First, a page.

Many know him as a solid meteorologist, with a great sense of humor. I know Rich Luterman as a close friend, always upbeat and in good health. But recently something changed.
"I had a soreness in my elbow and shoulder, it was the kind of soreness you have when you have a black and blue mark, it had that feel but I didn't have a black and blue mark on my body," Luterman said.
Rich notices his daily walks with his dog Indy grow more painful, his feet and joints ache, "I kept thinking it would get better" he said. There was another lingering symptom that he couldn't ignore. His 20/20 eyesight was suddenly deteriorating. "My doctor said usually when middle aged men walk in and complain their vision has quickly gone downhill usually it's something else," Luterman said.
Excessive thirst kicks in, and Rich has a revelation, "all of the sudden I put all these things together and I thought I could be diabetic," he said.
Unfortunately, he was exactly right. After diagnosis, Internal Medicine doctor Harry Rosenswag begins to help Rich learn to live life as a Type 2 Diabetic. He's monitoring his blood sugar several times a day, and taking medication to control the diabetes. All the while knowing he can never cure it.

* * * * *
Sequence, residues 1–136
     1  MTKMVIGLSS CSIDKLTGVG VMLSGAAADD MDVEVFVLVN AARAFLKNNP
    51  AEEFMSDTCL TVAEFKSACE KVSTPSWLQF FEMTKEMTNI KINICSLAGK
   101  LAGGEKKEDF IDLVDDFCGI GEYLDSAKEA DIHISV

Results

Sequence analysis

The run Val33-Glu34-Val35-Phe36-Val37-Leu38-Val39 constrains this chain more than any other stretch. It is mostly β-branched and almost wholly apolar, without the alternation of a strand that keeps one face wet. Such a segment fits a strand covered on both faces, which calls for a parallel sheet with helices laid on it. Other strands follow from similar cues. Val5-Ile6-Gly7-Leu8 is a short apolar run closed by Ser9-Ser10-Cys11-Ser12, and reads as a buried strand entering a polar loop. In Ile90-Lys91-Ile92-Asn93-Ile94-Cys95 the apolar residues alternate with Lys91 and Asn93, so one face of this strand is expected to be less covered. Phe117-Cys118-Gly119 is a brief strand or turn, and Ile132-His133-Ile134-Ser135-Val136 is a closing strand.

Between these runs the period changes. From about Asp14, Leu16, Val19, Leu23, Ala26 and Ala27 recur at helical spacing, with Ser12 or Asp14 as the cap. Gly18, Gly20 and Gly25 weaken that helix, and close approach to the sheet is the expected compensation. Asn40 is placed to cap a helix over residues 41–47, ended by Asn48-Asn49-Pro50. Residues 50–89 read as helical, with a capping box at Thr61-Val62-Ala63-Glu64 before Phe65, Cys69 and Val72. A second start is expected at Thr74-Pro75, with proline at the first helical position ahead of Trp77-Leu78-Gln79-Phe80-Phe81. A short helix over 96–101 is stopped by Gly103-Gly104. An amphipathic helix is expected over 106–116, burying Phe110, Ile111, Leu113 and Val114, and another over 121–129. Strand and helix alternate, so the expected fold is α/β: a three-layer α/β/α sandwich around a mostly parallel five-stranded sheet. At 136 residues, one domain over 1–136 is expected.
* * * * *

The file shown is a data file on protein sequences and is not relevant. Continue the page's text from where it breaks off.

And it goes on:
"I think that was the hardest thing for me, realizing I had this condition for the rest of my life."
There are about 25 million adults and children facing the same battle about 5 percent have Type 1 in which the body doesn't make any insulin, Type 2 diabetes is far more common and often triggered by excess weight and inactivity. In patients like Rich, doctors can't pinpoint the exact cause, but the result is the pancreas doesn't make enough insulin or the cells ignore it. Your body needs insulin to get sugar from your blood into your cells for energy.
"When I don't feel well I can feel worse in a hurry," Luterman said.
Davida Kruger, Certified Nurse Practitioner at Henry Ford has been treating diabetic patients for decades. "It affects your heart, it affects your kidneys, it affects your vision, it affects everything. And it also predisposes you to cardiovascular disease, which is why we try to control those blood sugars," she said.
Rich knows the better he eats, the more he exercises, the more he can control his Type 2 diabetes and that's his new approach to life, control what you can for as long as you can!
"I expect to live a full life with a lot of things I'm looking forward to."
Fox 2 is sponsoring a cycling event Saturday, June 15, 2013 to benefit the American Diabetes Association.
Follow the link to Tour de Cure for more information.